Ironwood’s newest album release, Romantic Dreams – Quintets for Piano and Strings is music made in our time, yet brushed with the patina of age.
Featuring two quintets from the French Romantic era, this recording for ABC Classic, is meticulously researched and performed with artistry and integrity. Even better, the researchers themselves are elite scholar-performers and interpret for us first hand, their understanding of the soundscape, serving as a direct interface between the performance practices of 19th century France and our appreciation of it today.
Comprising violinists Rachael Beesley and Robin Wilson (Saint-Saëns only), violist Simon Oswell, cellist Daniel Yeadon, double bassist Rob Nairn (Farrenc only) and pianist Neal Peres Da Costa, this historically informed performance of Louise Farrenc’s Quintet for piano and strings, No. 1 in A minor, opus 30 (1839) and Saint-Saëns’ Quintet for piano and strings in A minor opus 14 (1855), is presented on period instruments, made in Italy, France and London dating from 1740 to 1915, with the all- important grand piano, an Érard from 1869 Paris.
Why single out the piano? In both these quintets, the piano is gloriously and unapologeticaly the first among equals, reflecting the pianism of both composers.
Farrenc studied with Reicha, Hummel and Moscheles and remarkably for the times, was appointed professor of piano at the Paris Conservatoire, a post she held for three decades from 1842. Her aesthetic in her first quintet is distinctly Classical and traditional in its approach to form and harmony. Her writing makes abundant technical demands of the pianist with sparkling arpeggios, thirds and sixths, amply exploiting the range of the keyboard and its many colours.
In her first quintet, Farrenc replaces the second violin with the double bass, as Schubert did in his ‘Trout’ Quintet. Ironwood opens the first movement (Allegro) in a sombre though lyrical mood, rising in passion, with ornamentation that blooms into more radiant moments. In the second movement (Adagio non troppo), Ironwood creates a gentle dialogue between the piano and the others of the ensemble, with especially tender solo passages from the cello, answered by the violin. A modulation to the minor key leads to a dramatic climax before the theme returns with variants. In the third movement (Scherzo) Ironwood bursts into activity, pressing onward with the rising figures of the Finale subsiding to a paradoxically hushed ending.
As highlighted in the extensive and erudite booklet notes by Peres Da Costa and Yeadon, unnotated arpeggiation and asynchrony were devices used by 19th century pianists, along with teasing the rhythm and tempi, thus articulating and shaping the phrases, “to breathe life into the music.” Using these devices, (especially noticeable in the third movement), along with portamenti and other devices, the distinct sound of Ironwood voicing Farrenc’s lush harmonic progressions, takes us to an extremely engaging rediscovery of Farrenc’s neglected gem.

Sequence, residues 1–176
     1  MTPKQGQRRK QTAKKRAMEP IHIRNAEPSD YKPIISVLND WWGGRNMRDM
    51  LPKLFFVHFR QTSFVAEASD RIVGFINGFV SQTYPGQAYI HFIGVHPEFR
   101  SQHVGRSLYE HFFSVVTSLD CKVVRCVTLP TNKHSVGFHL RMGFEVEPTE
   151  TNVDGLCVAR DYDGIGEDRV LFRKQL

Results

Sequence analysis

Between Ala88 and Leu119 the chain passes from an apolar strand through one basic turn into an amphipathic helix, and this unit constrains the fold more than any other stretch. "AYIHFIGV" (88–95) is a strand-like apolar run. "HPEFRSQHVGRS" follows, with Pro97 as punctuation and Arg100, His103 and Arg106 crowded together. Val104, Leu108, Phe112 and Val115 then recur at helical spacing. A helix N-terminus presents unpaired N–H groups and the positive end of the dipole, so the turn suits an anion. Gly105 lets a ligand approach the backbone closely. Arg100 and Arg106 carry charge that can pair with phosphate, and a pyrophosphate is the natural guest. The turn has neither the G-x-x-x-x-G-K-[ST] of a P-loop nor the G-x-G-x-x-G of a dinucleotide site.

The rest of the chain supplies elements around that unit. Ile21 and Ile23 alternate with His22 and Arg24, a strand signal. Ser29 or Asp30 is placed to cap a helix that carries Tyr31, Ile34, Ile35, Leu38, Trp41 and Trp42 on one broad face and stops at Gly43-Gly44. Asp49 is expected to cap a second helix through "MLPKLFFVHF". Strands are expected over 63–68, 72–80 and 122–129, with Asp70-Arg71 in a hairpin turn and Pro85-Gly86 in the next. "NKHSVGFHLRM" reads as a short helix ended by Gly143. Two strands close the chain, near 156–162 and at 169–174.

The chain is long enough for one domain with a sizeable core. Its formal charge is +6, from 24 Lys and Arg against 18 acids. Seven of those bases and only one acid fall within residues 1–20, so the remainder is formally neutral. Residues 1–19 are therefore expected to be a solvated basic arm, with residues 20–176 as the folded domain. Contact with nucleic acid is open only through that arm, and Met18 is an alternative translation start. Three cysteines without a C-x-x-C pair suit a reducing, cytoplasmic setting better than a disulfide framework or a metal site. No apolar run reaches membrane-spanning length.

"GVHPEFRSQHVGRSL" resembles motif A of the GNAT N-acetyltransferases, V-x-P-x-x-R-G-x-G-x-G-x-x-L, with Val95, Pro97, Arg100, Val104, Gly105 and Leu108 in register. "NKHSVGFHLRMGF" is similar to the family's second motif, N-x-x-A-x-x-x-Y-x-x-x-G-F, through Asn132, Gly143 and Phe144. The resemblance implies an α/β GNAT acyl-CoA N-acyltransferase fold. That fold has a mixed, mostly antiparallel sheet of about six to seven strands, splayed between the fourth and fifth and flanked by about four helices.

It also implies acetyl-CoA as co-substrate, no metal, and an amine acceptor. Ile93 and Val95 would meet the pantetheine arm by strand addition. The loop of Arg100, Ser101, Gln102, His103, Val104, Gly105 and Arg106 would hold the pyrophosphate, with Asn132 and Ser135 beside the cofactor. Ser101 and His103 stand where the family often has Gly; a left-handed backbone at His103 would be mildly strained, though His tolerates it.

The second quintet in A minor on this recording, the opus 14 of Saint-Saëns, also places the piano front and centre. Like Farrenc, a pianist as well as being an organist, Saint-Saëns gives the piano a role that is unashamedly soloistic at times but equal in ensemble and sympathetically supportive at others. Ironically, (pardon the near-pun), like Farrenc’s A minor quintet, this quintet too can include the double-bass in the third and fourth movements, to ease the demands on the pianist. Popularly known as a composer of larger orchestral works like his third symphony, the Carnival of the Animals and the opera Samson and Delilah (he wrote 13 operas), the opus 14 is Saint-Saëns’ first, albeit sophisticated venture into chamber music. Composed in his late teens after he left the Paris Conservatoire, it is quite different in outlook to Farrenc’s conservatism, looking forward to a sweeping more rhapsodic style but harking back to counterpoint in the fourth movement.
Peres Da Costa opens the first movement, (Allegro moderato e maestoso) with rumbling arpeggiated piano chords which broaden into sweet and nimble themes alternating with frequent turbulence. The mood of this movement is concerto-like and intensified by the piano’s bass tremolo in its closing bars.
Ironwood gives the lyrical second movement, (Andante sostenuto) a gentle chorale-like feel. The theme, introduced by the piano is answered, developed and varied by the strings. Ironwood returns us to turbulence in the third movement (Presto), rather like a restless danse macabre which despite its disquiet, ends in a radiant tierce de Picardie. The final movement, (Allegro assai, ma tranquillo) contains a rising theme, articulated in turn, fugato-style, by the strings, joined by the piano in second lyrical theme for the full ensemble. The quintet ends with the strings in declamatory exuberance as the piano cascades down in a flourish.
The booklet accompanying the CD is substantial, with a cover image by Caillebotte which evokes the mood of the music and the style of the era. Within its 20 pages, the detailed research and historical notes, list of references and biographies, complement this journey.
Romantic Dreams is exciting at many levels, from scholar to neophyte, for pure pleasure or for deeper study into the performance practices of the time.
Shamistha de Soysa for SoundsLikeSydney©